Appeals court upholds decision on Michigan tribal casino

By Ken Thomas
Washington, D.C. (AP) 4-08

A proposed Indian casino in southwest Michigan moved closer to reality April 29 when a federal appeals court upheld a decision by the government to set aside 147 acres of land for the facility.

The Match-E-Be-Nash-She-Wish Band of Pottawatomi, also known as the Gun Lake tribe, has been working for a decade to develop a new casino in Allegan County near Grand Rapids. It would employ about 1,800 people and have about 2,500 electronic gambling machines and 80 tables.

The U.S. Court of Appeals for the District of Columbia Circuit affirmed the decision by the Interior Department to take the land in Wayland Township into trust for a casino. The three-judge panel rejected arguments from gambling opponents that the decision violated federal environmental laws.

An attorney for Michigan Gambling Opposition said it would appeal to the U.S. Supreme Court.

MichGo sued in 2005 to block the government from taking the land for the tribe’s use. A federal judge in 2007 ruled in favor of the government but issued a stay preventing the land from being taken into trust until the appeals are settled.

James Nye, a spokesman for the tribe, said it intends to break ground on the site at the “earliest possible date.” He predicted the ruling would be its final legal hurdle before the U.S. Interior Department sets aside the land for the casino.

Gambling opponents have argued that the government violated environmental law because the agency did not prepare an environmental impact statement and that a section of Indian law is unconstitutional.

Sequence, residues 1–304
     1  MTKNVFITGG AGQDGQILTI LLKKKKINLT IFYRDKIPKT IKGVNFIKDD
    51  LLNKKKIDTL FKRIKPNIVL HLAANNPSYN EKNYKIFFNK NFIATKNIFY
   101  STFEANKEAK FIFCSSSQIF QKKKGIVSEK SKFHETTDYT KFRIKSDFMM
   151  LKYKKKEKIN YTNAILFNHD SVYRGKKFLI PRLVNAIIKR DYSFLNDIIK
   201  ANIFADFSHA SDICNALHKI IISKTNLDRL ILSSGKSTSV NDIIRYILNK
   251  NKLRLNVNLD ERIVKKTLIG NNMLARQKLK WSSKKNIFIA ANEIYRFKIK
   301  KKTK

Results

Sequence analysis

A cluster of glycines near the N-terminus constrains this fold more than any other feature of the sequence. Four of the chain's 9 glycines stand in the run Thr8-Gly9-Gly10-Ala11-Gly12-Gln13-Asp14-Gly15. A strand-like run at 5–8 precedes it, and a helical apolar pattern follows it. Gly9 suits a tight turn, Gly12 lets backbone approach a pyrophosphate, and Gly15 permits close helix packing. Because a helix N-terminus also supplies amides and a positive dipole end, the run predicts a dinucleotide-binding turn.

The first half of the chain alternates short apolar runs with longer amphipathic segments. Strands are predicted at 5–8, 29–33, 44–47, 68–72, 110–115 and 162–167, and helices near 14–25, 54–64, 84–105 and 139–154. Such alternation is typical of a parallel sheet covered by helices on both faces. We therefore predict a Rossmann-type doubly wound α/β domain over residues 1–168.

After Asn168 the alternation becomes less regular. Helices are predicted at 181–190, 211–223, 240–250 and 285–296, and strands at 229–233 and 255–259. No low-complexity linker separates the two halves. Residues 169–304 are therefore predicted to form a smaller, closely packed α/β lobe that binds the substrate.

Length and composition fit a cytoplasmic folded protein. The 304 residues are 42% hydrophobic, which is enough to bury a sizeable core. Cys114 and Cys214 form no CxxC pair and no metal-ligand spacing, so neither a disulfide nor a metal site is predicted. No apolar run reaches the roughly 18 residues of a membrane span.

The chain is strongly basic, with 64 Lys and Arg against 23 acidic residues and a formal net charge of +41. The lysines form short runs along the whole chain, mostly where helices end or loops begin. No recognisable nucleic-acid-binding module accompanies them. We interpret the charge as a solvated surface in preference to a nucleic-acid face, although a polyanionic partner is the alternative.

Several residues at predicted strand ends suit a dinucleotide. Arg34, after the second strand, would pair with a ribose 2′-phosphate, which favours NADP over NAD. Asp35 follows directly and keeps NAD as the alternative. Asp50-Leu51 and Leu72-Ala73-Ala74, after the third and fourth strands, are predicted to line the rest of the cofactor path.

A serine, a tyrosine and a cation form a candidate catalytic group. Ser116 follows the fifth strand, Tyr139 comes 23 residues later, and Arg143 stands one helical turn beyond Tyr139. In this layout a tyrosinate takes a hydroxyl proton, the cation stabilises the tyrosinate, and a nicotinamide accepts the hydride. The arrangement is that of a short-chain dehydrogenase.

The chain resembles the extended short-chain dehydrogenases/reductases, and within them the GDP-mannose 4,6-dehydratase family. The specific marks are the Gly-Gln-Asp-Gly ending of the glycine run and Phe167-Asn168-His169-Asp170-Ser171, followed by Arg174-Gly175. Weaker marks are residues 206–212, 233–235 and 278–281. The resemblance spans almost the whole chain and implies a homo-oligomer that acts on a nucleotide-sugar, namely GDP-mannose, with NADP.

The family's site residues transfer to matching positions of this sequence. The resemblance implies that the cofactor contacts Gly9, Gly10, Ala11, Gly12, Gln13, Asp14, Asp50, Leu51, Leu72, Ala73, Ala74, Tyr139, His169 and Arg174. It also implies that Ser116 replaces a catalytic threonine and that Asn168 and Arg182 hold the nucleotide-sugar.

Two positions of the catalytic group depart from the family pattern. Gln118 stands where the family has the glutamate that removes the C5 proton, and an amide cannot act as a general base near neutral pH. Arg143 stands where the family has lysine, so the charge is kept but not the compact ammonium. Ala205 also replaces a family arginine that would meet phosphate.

The court ruled the Interior Department was justified in finding that there was no significant impact on the surrounding area. Judges Douglas H. Ginsburg and Judith W. Rogers upheld the section of Indian law, arguing it authorizes the Interior secretary to further economic development and self-governance among the tribes.

But MichGo took solace in a dissent from Judge Janice Rogers Brown, who wrote that a section of Indian law is an unconstitutional delegation of legislative power because it does not provide standards to guide the Interior secretary.

Brown said it lets the Interior secretary “take land in trust for whichever Indians he chooses, for whatever reasons.”

John Bursch, a Grand Rapids attorney representing MichGo, said the group was encouraged by the opinion and said Brown’s dissent would bolster its case for seeking review.

Democratic Gov. Jennifer Granholm and the tribe signed a tribal compact last year specifying state revenues from the casino. The Michigan House approved the deal, and the compact is awaiting action by the state Senate.

The plan would give the state 8 percent of the casino’s take from slot machines for the first $150 million. The state would receive 10 percent or more of the revenue from slots above the $150 million threshold.

Matt Marsden, a spokesman for Senate Majority Leader Mike Bishop, R-Rochester, said GOP leaders have been awaiting the decision before voting on the compact. Marsden said the ruling was being reviewed, and a vote on the compact was expected this year.

Tribal officials have estimated that Michigan would receive about $15 million from the casino during its first full year of operation, while local governments would get another $3 million.

Construction is expected to take 12 to 16 months following groundbreaking.

Associated Press Writer Tim Martin in Lansing, Mich., contributed to this report.

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